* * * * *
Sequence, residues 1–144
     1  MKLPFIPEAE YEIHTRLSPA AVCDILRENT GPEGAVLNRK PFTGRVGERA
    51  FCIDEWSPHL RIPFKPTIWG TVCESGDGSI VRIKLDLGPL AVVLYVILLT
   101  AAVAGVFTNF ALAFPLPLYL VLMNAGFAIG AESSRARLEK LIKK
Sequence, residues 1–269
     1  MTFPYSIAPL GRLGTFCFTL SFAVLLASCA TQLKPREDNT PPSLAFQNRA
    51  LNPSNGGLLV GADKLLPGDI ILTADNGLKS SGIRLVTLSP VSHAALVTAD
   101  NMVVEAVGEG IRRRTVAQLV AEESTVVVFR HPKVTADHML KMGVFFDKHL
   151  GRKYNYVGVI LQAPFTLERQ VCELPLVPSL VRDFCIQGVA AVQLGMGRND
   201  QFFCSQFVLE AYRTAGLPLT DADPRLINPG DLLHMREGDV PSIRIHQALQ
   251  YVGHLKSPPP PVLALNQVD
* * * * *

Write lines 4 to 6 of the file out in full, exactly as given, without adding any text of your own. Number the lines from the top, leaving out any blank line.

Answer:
   101  AAVAGVFTNF ALAFPLPLYL VLMNAGFAIG AESSRARLEK LIKK
Sequence, residues 1–269
     1  MTFPYSIAPL GRLGTFCFTL SFAVLLASCA TQLKPREDNT PPSLAFQNRA